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Noah Zivitz

Managing Editor, BNN Bloomberg

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Bank of Montreal and Bank of Nova Scotia have swatted down any immediate concern that the COVID-19 Delta variant will derail the Big Six’s recovery from the pandemic. Both lenders beat fiscal third-quarter profit expectations by a wide margin this morning as credit quality improved (including an outright release of provisions by BMO). There are many commonalities in their results (including growth in their Canadian mortgage books). But there’s also divergence; most notably in their capital markets divisions. Full details at BNNBloomberg.ca and throughout our programming day.

HOUSING HEATS UP ON CAMPAIGN TRAIL
We know housing affordability is a top pocketbook issue in this election campaign, and today we got the incumbent party's plan to address the problem. Liberal Party Leader Justin Trudeau has unveiled more than a dozen measures that he said his party will pursue if re-elected, including allowing first-time homebuyers under the age of 40 to save (and withdraw) up to $40,000 tax-free for a down payment. The Liberals are also pledging to double the first-time home buyers tax credit and ban new foreign homeownership for two years. You can see a summary of what the Conservatives, NDP and Bloc have already pledged on housing here.

TRACKING BORROWING TRENDS

Seems fitting that on a day when bank earnings are in the spotlight, we’ve got a new report from TransUnion on Canadian borrowing trends. And there are some signs of restraint, as so-called “super prime” borrowers led the way in applications for credit during the second quarter (+28.5 per cent), while those with the shakiest finances (ie, subprime borrowers) held back, as applications among those borrowers fell 0.7 per cent year-over-year.

COMMODITIES RALLY CONTINUES

Once again, the GLCO screen on the terminal is awash in green numbers as almost every major commodity (other than gold) trades higher this morning. The standout mover today is iron ore, which has been up more than 10 per cent in Singapore. Bloomberg is pointing to some supportive commentary from China’s central bank as being one of the factors lifting prices today.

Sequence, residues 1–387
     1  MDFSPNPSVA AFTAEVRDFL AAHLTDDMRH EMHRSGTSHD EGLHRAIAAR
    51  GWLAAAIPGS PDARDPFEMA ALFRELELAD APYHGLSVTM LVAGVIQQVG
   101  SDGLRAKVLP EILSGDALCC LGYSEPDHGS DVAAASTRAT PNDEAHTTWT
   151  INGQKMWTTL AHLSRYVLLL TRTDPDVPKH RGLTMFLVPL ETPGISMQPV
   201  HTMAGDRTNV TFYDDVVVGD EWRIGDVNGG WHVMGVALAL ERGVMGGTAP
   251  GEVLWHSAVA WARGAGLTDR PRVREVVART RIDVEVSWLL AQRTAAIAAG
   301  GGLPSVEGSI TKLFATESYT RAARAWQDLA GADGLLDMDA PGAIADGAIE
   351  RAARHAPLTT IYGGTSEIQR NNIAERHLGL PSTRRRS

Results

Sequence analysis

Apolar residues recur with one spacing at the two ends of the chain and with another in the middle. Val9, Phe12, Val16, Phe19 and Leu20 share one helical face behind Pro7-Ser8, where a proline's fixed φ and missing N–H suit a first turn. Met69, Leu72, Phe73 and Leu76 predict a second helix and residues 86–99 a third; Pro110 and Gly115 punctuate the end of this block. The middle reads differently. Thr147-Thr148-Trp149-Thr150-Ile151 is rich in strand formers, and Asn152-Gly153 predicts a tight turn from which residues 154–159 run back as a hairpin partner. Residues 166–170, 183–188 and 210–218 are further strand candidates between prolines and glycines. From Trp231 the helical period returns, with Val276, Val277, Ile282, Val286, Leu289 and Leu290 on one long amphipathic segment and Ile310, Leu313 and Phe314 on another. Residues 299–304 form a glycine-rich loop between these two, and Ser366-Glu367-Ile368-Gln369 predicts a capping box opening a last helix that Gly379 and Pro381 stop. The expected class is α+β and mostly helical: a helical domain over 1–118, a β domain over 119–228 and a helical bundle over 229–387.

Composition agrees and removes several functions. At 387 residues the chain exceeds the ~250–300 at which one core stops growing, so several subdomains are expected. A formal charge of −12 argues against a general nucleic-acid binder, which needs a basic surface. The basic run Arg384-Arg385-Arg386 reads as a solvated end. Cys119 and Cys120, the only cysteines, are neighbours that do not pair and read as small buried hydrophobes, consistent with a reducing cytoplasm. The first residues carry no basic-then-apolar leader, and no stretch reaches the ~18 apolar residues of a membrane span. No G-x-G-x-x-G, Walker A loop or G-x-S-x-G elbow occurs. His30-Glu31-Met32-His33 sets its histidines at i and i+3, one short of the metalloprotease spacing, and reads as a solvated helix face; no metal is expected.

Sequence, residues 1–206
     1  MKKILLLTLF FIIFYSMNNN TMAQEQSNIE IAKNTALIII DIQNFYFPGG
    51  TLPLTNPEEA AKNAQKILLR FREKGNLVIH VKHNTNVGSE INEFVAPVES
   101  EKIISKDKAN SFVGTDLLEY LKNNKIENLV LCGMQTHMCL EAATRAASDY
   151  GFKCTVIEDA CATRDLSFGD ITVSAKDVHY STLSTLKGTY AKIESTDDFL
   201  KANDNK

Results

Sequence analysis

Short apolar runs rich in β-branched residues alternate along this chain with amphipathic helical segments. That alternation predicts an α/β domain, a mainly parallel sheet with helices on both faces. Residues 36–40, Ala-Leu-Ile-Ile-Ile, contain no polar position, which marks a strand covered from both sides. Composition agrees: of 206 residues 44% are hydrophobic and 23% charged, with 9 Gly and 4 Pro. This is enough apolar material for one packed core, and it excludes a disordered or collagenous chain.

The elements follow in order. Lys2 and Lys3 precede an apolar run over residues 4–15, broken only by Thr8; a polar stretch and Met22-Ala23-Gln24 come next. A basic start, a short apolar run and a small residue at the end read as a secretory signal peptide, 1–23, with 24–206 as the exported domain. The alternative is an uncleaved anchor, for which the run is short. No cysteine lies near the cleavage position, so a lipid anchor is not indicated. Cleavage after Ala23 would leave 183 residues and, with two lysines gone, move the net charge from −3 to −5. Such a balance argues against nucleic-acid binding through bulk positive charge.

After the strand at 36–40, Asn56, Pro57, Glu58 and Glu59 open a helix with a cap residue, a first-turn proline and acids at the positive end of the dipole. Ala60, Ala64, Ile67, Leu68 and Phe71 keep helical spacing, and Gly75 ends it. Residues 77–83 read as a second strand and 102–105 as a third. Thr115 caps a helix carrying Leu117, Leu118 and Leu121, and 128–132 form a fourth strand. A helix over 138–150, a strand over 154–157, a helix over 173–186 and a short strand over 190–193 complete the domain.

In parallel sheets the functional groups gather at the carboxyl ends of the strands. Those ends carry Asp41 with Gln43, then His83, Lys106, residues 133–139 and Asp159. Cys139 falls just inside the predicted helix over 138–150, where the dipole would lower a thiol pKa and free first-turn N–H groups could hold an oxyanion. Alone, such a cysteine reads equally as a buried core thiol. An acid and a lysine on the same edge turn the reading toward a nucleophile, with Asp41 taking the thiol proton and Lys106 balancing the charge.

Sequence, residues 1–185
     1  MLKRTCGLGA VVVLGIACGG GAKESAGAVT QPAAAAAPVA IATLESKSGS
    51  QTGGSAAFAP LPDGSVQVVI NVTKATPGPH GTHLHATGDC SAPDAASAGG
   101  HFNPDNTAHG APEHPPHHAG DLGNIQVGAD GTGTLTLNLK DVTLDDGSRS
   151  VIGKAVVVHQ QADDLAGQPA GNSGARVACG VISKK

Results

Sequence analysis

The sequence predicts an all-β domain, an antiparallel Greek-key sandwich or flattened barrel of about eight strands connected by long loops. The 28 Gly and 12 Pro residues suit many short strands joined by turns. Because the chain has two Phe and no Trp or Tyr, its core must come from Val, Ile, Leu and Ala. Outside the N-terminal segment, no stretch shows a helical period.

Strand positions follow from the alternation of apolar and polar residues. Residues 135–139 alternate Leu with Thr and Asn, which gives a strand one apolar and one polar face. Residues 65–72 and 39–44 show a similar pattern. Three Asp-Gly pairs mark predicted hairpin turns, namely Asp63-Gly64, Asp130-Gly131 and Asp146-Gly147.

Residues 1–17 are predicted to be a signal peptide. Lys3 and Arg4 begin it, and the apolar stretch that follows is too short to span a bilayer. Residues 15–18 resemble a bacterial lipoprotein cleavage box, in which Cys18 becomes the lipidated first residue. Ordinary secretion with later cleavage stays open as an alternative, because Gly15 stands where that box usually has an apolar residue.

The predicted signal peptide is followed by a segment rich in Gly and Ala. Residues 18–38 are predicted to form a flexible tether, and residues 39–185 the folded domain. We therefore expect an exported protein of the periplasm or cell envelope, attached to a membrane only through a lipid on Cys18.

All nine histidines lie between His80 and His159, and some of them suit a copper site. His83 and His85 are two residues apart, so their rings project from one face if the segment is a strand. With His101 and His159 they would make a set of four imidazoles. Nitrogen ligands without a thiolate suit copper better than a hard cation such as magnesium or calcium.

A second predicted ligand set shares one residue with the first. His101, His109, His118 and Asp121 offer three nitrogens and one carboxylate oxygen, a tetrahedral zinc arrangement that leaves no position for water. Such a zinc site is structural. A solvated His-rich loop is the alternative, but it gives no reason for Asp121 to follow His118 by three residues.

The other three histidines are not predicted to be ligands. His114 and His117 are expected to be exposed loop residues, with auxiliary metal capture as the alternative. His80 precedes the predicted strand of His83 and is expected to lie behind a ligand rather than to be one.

OTHER NOTABLE STORIES

  • As of Sept. 13, you’ll need proof of at least one COVID-19 vaccine dose to gain admission to a range of non-essential services and events in British Columbia, including restaurants, fitness centres, movie theatres, concerts and indoor sporting events. Reminder that Quebec’s vaccine passport will take effect on Sept. 1.
  • Dye & Durham shut out analysts from asking questions on the company’s quarterly call late yesterday afternoon, citing the company’s ongoing review of strategic alternatives. CEO Matthew Proud, however, said in his prepared remarks that “the capital market's response to our execution has lagged the performance of the business.” On that note, Dye & Durham’s revenue in the latest quarter surged 494 per cent year-over-year.
  • Som Seif’s Purpose Investments announced late yesterday a tightening of relations with Richardson Wealth Limited, with some advisors joining Purpose outright and Craig Basinger (a BNN Bloomberg regular) named chief market strategist for Seif’s firm.

NOTABLE RELEASES/EVENTS

  • Notable data: Flash Canadian manufacturing sales estimate (July), U.S. new home sales
  • Notable earnings: Bank of Nova Scotia, BMO, Nordstrom, Best Buy
  • 8:00: Liberal Party Leader Justin Trudeau makes announcement in Hamilton, Ont. (plus avail)
  • 10:00: Conservative Party Leader Erin O’Toole makes announcement in Ottawa (plus avail)
  • 10:00: Green Party Leader Annamie Paul holds news conference in Toronto on affordable housing  
  • 10:30: NDP Leader Jagmeet Singh makes announcement in Mississauga, Ont. (plus avail)
  • 14:00: White House COVID-19 Response Team holds White House press briefing